A polymorphism in the human cytotoxic T-lymphocyte antigen 4 (CTLA4) gene (exon 1 +49) alters T-cell activation
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- Mäurer, M., Loserth, S., Kolb-Mäurer, A. et al. Immunogenetics (2002) 54: 1. doi:10.1007/s00251-002-0429-9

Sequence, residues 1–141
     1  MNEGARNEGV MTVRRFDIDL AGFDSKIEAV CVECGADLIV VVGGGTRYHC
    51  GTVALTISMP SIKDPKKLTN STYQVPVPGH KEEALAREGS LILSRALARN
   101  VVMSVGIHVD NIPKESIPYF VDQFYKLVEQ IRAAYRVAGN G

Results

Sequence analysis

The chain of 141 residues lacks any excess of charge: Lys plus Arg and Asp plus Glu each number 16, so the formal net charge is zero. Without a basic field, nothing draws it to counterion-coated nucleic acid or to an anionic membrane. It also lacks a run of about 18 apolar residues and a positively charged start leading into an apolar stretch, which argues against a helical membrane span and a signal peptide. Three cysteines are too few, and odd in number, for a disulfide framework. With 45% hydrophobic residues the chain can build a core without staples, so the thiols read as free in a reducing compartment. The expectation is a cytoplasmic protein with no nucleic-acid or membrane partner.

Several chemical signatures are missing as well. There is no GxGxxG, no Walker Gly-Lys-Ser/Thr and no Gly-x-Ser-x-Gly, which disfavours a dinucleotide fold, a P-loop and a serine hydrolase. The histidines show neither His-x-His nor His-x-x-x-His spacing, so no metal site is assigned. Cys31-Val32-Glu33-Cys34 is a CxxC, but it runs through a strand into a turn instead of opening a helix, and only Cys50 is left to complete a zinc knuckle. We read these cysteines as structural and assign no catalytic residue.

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The cytotoxic T-lymphocyte antigen 4 (CTLA4) is an important modifier of T-cell activation with down-regulatory properties upon B7 engagement. An allelic polymorphism in exon 1 of the CTLA4 gene coding for the peptide leader sequence of CTLA4 was recently described. This polymorphism was detected in association with several autoimmune diseases. In this study, we investigated the functional impact of the CTLA4 exon 1 +49 A/G dimorphism on T-cell activation and cellular localization. We examined the T-cell response from healthy donors either homozygous for A or G at position +49 of the exon 1. Under suboptimal stimulation conditions we found a greater proliferative response of cells from donors homozygous for G at position +49. FACS analysis of CTLA4 expression revealed a reduced up-regulation of CTLA4 from G/G donors upon T-cell activation, if compared with wild-type cells. Intracellular CTLA4 distribution demonstrated qualitatively different staining patterns between the two genotypes as determined using confocal fluorescence microscopy. Our results suggest that the G allele at position +49 of exon 1 affects the CTLA4-driven down-regulation of T-cell activation and may be an important factor in the pathogenesis of autoimmune diseases.